Israeli investigative journalist Ronen Bergman’s Rise and Kill First: The Secret History of Israel’s Targeted Assassinations is a remarkable work of nonfiction. Written like a fast-paced thriller, it provides a detailed history and analysis of almost all of Israel’s major (successful and unsuccessful) attempts to assassinate its presumed enemies. These include the killing of Abu Jihad, the PLO’s de facto military chief; the assassination of Sheikh Ahmed Yassin, Hamas’s chief ideologue and spiritual mentor; the murder of Imad Mughnieh, the brain behind Hezbollah’s attacks on Israeli targets; and many other lesser-known figures.
It also includes accounts of the assassination of several Iranian nuclear scientists, which Israeli intelligence agencies undertook in order to derail Iran’s nuclear-weapons program. Bergman even hints at Israel’s complicity in Yasser Arafat’s death, although he refuses to endorse or refute this conclusion. The only major adversary that Israel has not been able to kill despite its best efforts is Hassan Nasrallah, the secretary general of Hezbollah. Incidentally, the only major botched operation, according to Bergman, was Israel’s failure to kill Khaled Meshal, another leading light of Hezbollah.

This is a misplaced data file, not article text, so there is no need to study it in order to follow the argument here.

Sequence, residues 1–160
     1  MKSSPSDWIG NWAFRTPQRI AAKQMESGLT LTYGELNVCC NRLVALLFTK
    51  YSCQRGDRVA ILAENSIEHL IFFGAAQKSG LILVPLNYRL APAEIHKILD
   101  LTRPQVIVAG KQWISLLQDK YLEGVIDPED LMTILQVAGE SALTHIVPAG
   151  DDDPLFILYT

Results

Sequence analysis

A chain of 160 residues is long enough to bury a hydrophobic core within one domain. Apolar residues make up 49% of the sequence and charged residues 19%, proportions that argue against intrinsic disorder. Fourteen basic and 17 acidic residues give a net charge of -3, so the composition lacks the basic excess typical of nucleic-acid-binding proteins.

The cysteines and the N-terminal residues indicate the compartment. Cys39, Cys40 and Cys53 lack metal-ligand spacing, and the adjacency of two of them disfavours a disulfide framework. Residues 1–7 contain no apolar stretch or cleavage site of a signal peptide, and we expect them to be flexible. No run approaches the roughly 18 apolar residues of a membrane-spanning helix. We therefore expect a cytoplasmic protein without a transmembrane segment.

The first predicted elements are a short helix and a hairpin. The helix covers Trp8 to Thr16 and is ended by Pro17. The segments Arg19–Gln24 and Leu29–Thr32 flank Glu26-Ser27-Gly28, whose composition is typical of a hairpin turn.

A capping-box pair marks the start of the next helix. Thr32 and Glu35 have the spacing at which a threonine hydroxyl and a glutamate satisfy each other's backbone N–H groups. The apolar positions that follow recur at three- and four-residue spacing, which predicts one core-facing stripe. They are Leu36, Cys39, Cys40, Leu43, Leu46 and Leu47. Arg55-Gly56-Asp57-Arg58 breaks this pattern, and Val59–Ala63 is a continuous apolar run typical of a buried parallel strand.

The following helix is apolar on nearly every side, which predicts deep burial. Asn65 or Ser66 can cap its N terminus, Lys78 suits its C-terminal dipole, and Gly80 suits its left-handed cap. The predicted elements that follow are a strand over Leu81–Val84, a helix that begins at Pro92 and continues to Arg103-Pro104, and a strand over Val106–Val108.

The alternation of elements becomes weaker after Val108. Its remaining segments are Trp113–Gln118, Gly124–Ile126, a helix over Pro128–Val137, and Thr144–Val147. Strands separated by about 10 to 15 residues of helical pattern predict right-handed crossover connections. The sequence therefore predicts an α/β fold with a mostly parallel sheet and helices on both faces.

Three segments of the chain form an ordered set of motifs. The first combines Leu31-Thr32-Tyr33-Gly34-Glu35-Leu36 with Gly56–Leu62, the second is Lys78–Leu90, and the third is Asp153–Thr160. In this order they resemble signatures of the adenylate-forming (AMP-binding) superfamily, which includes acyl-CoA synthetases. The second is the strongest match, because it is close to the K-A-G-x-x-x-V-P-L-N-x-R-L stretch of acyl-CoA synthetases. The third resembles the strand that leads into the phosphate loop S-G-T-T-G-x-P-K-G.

By the end of the book, one begins to wonder how and why the Israeli censors, who have often been at loggerheads with Bergman, allowed the publication of this tell-all book, since it portrays Israel in a negative light as a leading perpetrator of state terrorism. In fact, Bergman admits Israel’s culpability at the very beginning of the book when he writes, “Since World War II, Israel has assassinated more people than any other country in the Western world.”
As one reads the book, one is left to wonder whether the book was published primarily to communicate to Israel’s adversaries that no one who crosses Israel’s path, now or in the future, is safe. In Bergman’s words, “The goal of deterrence is as important as the goal of preempting specific hostile acts.” In short, Bashar al-Assad beware!
But the book is not merely a catalog of acts of murder undertaken by the Mossad and its sister intelligence agencies. It also provides an insider’s view of the rivalries between the various intelligence agencies, and between political personalities interested in using Israel’s success and failure in assassinating its enemies for personal and political gain. The rivalries he unmasks are not limited to political persona such as Ariel Sharon, Levi Eshkol, Benjamin Netanyahu and Ehud Barak. In fact, the most fascinating disagreement that he describes ensued between Prime Minister Netanyahu and Meir Dagan, probably the most effective head of the Mossad since its founding.